Three years later in Colonnade Catering Corp. v. United States, 397 U.S. 72, 90 S. Ct. 774, 25 L. Ed. 2d 60 (1970), the Court confronted a similar issue involving the Internal Revenue Service's unconsented to, warrantless, and forcible inspection of a business establishment which possessed a liquor license. A member of the Internal Revenue Service's Alcohol and Tobacco Tax Division had been a guest at a party on the premises of the petitioner's catering establishment and had noted a possible violation of the federal excise tax law. When federal agents later visited the premises and asked for entry to a locked liquor storeroom, the petitioner asked if the agents had a search warrant. They replied that they had no warrant. The petitioner continued to refuse entry and the agents broke the lock, entered and found bottles of liquor which they suspected of being refilled contrary to law. The Court emphasized the historically broad power of Congress to "design such powers of inspection under the liquor laws as it deems necessary to meet the evils at hand." Id. at 76, 90 S. Ct. at 777. Thus, they found that the fourth amendment's requirement of reasonableness had been satisfied by the peculiar nature of the object of the search -- a liquor establishment. The historically conceded power of government to scrutinize intensely all facets of the manufacture, transport and sale of alcoholic beverages rendered the actions taken by the Internal Revenue Service inspectors reasonable under the fourth amendment.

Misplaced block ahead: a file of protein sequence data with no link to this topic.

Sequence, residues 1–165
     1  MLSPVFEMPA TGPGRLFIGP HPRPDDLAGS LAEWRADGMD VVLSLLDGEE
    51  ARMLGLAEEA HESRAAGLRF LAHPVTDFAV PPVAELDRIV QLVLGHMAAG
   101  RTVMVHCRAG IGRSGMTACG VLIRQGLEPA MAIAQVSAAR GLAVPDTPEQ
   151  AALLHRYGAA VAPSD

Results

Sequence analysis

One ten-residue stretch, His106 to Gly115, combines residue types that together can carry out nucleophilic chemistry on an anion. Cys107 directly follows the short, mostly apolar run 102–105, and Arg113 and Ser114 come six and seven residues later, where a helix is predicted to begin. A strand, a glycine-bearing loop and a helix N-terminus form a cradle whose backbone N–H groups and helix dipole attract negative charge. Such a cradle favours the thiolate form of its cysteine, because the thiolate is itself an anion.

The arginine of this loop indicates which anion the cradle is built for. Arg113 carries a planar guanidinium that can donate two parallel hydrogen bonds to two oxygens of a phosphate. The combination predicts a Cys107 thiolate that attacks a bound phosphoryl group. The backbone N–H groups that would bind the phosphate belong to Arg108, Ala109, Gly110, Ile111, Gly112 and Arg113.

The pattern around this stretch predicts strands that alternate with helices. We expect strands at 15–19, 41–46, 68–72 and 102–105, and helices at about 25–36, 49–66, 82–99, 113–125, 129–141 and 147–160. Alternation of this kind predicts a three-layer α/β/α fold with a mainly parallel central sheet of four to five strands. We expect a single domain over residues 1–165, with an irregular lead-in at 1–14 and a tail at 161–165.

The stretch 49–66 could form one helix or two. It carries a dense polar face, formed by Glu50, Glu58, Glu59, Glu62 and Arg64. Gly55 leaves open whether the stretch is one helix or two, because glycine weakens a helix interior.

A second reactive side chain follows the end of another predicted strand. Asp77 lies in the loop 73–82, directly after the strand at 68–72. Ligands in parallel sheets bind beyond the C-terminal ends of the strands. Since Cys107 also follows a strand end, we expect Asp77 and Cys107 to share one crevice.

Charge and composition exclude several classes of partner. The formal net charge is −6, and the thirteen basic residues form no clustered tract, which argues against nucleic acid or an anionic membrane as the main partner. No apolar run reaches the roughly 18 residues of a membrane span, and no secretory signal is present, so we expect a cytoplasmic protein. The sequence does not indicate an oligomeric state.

However, noting that Congress has broad authority to fashion standards of reasonableness for searches and seizures and that Congress had done so in regard to Internal Revenue Service inspection of retail liquor establishments, the Court reasoned that since Congress had structured a standard that did not include forcible entries without a warrant and instead had imposed a fine on a licensee who refused admission to the inspector, the imposition of the fine was an exclusive sanction, and the inspectors could not break and enter the locked storeroom without a warrant. The Court stated:
"Under the existing statutes, Congress selected a standard that does not include forcible entries without a warrant. It resolved the issue, not by authorizing forcible, warrantless entries, but by making it an offense for a licensee to refuse admission to the inspector."
397 U.S. at 77, 90 S. Ct. at 777. Therefore, although a warrantless search could qualify under the fourth amendment due to the historically accepted governmental regulatory interest in liquor, the Government, by omitting authorized force in its inspection statute, had imposed a stricter standard on themselves, a standard which they failed to meet.